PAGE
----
Baking cake, cookie or bread dough kills any bacteria present. But that fact doesn't account for those who like to eat raw cookie dough, like 53 percent of the college students surveyed in a 2008 study reported by the Journal of the American Dietetic Association. To stay safe in the kitchen, refrain from eating raw dough and practice safe cooking techniques.
Bacteria in All Doughs
Bacteria exist everywhere -- on your hands, your kitchen counters and in your bread and cookie dough. The longer your dough sits outside the refrigerator, the more quickly bacteria will grow, doubling in numbers in as little as 10 minutes. Some bacteria, like lactobacilli, are safe to eat and produce fermentation that helps yeast breads rise. Others are harmful, like salmonella, which sometimes exists in raw eggs.
Temperatures Necessary for Killing Bacteria
Oven baking temperatures for cookie, cake and bread dough reach high enough temperatures to kill bacteria. Since the highest temperatures you need to kill the bacteria in eggs, casseroles and meats is 165 degrees Fahrenheit, oven temperatures of 300 F or 350 F for baking do a good job at killing both beneficial and dangerous bacteria. However, bacteria in the air reinfect some foods within two hours, so refrigerate cheesecakes or cakes with cream cheese frosting within at least two hours of baking.
Dangerous Bacteria Spores
Unfortunately, some bacteria extend their lives by producing spores, dormant forms of the bacteria that survive harsh conditions. C. botulinum bacteria, for example, is just one of many bacterial spores that needs heating at 250 F for several minutes for the spores to die. While not all bacteria produce spores, it's prudent to bake your cookies at typical high temperatures of 300 F or 350 F instead of experimenting with baking cookies on the dashboard of your car on a hot summer day.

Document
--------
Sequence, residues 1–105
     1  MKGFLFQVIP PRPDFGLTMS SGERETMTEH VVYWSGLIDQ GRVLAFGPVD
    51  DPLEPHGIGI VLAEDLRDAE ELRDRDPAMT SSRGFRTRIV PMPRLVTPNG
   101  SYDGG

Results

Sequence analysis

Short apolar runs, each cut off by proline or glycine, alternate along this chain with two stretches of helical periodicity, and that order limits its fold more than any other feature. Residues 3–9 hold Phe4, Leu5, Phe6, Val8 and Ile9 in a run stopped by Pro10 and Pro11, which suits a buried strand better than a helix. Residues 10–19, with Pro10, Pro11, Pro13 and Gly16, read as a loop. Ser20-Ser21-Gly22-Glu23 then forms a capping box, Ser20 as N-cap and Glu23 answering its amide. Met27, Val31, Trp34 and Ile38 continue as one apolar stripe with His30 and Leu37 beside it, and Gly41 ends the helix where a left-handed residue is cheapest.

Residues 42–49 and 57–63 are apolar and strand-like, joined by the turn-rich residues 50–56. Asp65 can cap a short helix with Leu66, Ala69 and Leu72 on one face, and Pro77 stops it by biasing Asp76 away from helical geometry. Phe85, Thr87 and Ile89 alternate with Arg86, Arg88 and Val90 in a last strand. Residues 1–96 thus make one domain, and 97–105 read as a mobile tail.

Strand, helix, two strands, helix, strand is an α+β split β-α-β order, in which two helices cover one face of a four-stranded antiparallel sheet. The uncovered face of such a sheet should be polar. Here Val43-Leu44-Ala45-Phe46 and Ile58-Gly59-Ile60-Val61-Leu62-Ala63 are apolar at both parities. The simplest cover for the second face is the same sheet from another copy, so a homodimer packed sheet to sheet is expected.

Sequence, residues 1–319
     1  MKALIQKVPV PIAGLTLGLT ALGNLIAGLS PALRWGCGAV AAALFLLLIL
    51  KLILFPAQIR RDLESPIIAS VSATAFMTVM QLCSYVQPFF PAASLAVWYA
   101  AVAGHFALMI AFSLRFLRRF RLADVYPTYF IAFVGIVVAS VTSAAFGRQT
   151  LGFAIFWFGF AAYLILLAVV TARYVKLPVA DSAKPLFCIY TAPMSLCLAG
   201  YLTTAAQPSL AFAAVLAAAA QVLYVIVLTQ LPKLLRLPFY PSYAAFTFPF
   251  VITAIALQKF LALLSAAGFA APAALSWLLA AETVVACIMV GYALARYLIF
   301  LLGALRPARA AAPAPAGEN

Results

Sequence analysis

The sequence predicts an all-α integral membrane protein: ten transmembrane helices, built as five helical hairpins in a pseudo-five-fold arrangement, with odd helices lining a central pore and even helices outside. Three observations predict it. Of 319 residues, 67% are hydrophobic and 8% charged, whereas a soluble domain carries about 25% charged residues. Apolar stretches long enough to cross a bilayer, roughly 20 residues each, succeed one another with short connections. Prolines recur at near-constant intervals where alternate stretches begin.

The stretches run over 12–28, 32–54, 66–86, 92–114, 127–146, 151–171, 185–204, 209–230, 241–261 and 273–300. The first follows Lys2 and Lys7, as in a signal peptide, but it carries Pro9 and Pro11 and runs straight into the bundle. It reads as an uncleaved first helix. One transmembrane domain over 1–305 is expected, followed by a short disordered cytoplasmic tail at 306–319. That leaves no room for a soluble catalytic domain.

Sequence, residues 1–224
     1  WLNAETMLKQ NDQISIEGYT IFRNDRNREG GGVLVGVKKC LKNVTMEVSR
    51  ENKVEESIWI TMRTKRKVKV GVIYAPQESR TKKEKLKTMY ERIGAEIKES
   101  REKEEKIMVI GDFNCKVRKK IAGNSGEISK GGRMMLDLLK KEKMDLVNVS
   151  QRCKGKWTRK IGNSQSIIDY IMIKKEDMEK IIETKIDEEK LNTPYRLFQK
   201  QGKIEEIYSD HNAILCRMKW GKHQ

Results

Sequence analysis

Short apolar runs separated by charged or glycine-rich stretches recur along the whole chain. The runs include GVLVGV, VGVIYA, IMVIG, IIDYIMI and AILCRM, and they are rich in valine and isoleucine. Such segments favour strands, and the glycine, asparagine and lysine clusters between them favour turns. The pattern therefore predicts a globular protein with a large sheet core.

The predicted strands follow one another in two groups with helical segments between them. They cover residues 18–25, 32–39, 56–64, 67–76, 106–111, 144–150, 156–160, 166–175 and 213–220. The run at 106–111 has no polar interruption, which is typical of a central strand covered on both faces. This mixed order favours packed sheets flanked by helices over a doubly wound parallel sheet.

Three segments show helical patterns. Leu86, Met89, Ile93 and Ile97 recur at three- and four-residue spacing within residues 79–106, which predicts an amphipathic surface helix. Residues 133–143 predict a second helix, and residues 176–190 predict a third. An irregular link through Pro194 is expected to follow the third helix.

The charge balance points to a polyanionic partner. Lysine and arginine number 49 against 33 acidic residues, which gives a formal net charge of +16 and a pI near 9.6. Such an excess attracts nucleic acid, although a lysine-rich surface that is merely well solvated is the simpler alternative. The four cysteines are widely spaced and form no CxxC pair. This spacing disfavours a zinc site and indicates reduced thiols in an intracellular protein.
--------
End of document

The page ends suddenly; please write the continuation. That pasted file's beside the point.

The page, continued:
Good Safety Practices
To reduce your chances of getting sick from bacteria in baked goods, practice safe food handling habits in the kitchen and bake your cookie and cake dough at high temperatures. Always wash your hands before beginning to cook and after handling raw eggs, meat or poultry. Wash all utensils and countertops after cooking with hot, soapy water and follow baking and cooking instructions thoroughly, including letting microwaved foods stand for a few minutes so they cook completely.
Susan Lundman began writing about her love of cooking, ingredient choices, menu planning and healthy eating after working for 20 years on children's issues at a nonprofit organization. She has written about food online professionally for ten years on numerous websites, and has provided family and friends with homemade recipes and stories about culinary adventures. Lundman received her M.A. from Stanford University.
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